Who do you admire most – an organ donor, a blood donor or a clinical trial volunteer?
Research* tells us that the vast majority of people would say the organ donor, then the blood donor, but few would say they admire the clinical trial volunteer the most. That’s possibly due to a misunderstanding about clinical trials and the fact that until we find ourselves with a serious illness and looking to medical research for hope, we rarely consider how new treatments are developed and what it takes to get them approved and into the market.
At a family lunch a few weeks ago I told my family I had signed up for a clinical trial to test an ebola vaccine as a healthy volunteer. My sister-in-law was horrified. She implored me not to do it. “You’re a mother. You have responsibilities. You don’t need to do this.”
Common belief paints clinical trial volunteers as guinea pigs with no rights – and nothing could be further from the truth. Jamie, a fellow healthy volunteer has participated in a number of clinical trials over the past two and a half years. He agrees that the idea of participating in a clinical trial may be confronting for family and friends. “They sometimes think it’s dangerous and harmful, that it might cause irreversible damage.”
Signing up for a clinical trial means putting volunteers through a series of health checks and a detailed consent process. “I know I can pull out at any time – no questions asked”, said Jamie. “I always ask loads of questions, we are told about any adverse events from previous studies. There is a duty of care ensuring you are well looked after during and after the trial.” Clinical trials aren’t all about injections, drugs and painful interventions. Healthy volunteers can contribute in many different ways.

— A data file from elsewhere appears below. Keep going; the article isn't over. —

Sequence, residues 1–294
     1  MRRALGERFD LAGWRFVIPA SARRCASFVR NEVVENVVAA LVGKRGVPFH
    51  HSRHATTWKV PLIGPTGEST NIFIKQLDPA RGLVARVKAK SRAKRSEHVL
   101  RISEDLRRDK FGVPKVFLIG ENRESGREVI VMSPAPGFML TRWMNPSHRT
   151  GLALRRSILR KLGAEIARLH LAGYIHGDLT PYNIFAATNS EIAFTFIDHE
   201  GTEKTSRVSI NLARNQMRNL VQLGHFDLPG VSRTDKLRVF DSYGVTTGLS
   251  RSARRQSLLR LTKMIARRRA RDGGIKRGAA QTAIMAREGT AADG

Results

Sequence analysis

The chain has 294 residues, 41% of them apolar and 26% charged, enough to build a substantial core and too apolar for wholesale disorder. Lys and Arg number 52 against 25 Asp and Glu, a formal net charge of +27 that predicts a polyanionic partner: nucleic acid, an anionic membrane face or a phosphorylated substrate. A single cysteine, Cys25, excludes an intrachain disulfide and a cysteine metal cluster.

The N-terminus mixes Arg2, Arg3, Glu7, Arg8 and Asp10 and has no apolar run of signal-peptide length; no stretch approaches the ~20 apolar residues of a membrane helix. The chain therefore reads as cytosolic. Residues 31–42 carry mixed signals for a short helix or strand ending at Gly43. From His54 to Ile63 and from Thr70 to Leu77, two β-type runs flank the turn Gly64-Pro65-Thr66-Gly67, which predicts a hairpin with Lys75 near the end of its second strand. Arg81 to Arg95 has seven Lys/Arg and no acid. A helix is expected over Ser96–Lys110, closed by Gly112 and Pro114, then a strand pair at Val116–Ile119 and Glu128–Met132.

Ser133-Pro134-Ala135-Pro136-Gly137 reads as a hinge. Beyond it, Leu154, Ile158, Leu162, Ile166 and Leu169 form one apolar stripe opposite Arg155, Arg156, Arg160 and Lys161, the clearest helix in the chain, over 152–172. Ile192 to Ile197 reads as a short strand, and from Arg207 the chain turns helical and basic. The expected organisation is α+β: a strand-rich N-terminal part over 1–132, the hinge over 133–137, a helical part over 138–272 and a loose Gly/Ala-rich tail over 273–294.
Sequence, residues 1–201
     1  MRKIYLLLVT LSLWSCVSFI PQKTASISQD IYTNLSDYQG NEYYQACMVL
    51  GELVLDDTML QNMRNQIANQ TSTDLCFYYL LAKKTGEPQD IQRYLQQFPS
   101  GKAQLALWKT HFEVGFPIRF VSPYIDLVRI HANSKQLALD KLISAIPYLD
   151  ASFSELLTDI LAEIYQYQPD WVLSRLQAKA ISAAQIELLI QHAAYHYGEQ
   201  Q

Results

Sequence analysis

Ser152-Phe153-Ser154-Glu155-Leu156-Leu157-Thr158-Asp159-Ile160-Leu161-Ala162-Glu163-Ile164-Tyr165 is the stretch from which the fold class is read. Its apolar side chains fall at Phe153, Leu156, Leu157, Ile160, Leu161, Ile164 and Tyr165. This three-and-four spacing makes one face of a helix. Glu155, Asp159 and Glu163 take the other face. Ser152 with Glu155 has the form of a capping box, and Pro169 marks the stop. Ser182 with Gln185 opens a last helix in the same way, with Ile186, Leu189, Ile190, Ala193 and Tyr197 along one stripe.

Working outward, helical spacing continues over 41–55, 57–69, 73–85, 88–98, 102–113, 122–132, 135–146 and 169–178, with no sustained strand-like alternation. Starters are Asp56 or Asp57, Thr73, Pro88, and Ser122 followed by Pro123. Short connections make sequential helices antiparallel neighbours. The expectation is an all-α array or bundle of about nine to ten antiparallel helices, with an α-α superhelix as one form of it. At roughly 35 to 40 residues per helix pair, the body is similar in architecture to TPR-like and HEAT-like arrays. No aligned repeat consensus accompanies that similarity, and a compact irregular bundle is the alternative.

Adrienne a mother of two boys enrolled her son Max in a clinical trial when he was 3 years old. He’s now twelve and is still involved in the trial. The trial requires him to have his height, weight, cognitive progress and a range of other skills recorded every two years in mapping a range of public health interventions associated with child and maternal health centres. “We will be doing this for another two years until he’s fifteen. We’re happy to help. I’m really curious to know what the results of the study are and if the interventions have delivered a significant benefit.” Clinical trials are an essential part of the development of new interventions, medicines and diagnostics that may improve your health care, alleviate the symptoms of your disease or condition or improve the health care of others.
Athina is 48 years old with Stage 4 melanoma. “I was so happy when my oncologist suggested I was eligible to participate in a trial of a new radiation treatment,” she said. “It means I am able to access the latest in treatment for melanoma and the cost to me is zero. I have had two treatments to date and now moving onto a drug therapy that has only just come off a Phase III (final stage) clinical trial. I’m very aware that others before me have participated in a trial for this drug to be available to me now.” Participating in a clinical trial can give people who are suffering from serious diseases a feeling of being able to give back, giving them control when it seems like everything is out of their control. “I’d love to know that others who come after me with Melanoma may benefit from my contribution. I don’t want others to have to go through what I’m going through,” Athina offered. “I also appreciate the tremendous hard work that medical research has done to get these new drugs and treatments to this stage. I feel like I’m doing my bit.” *Research America, Public Opinion Poll 2013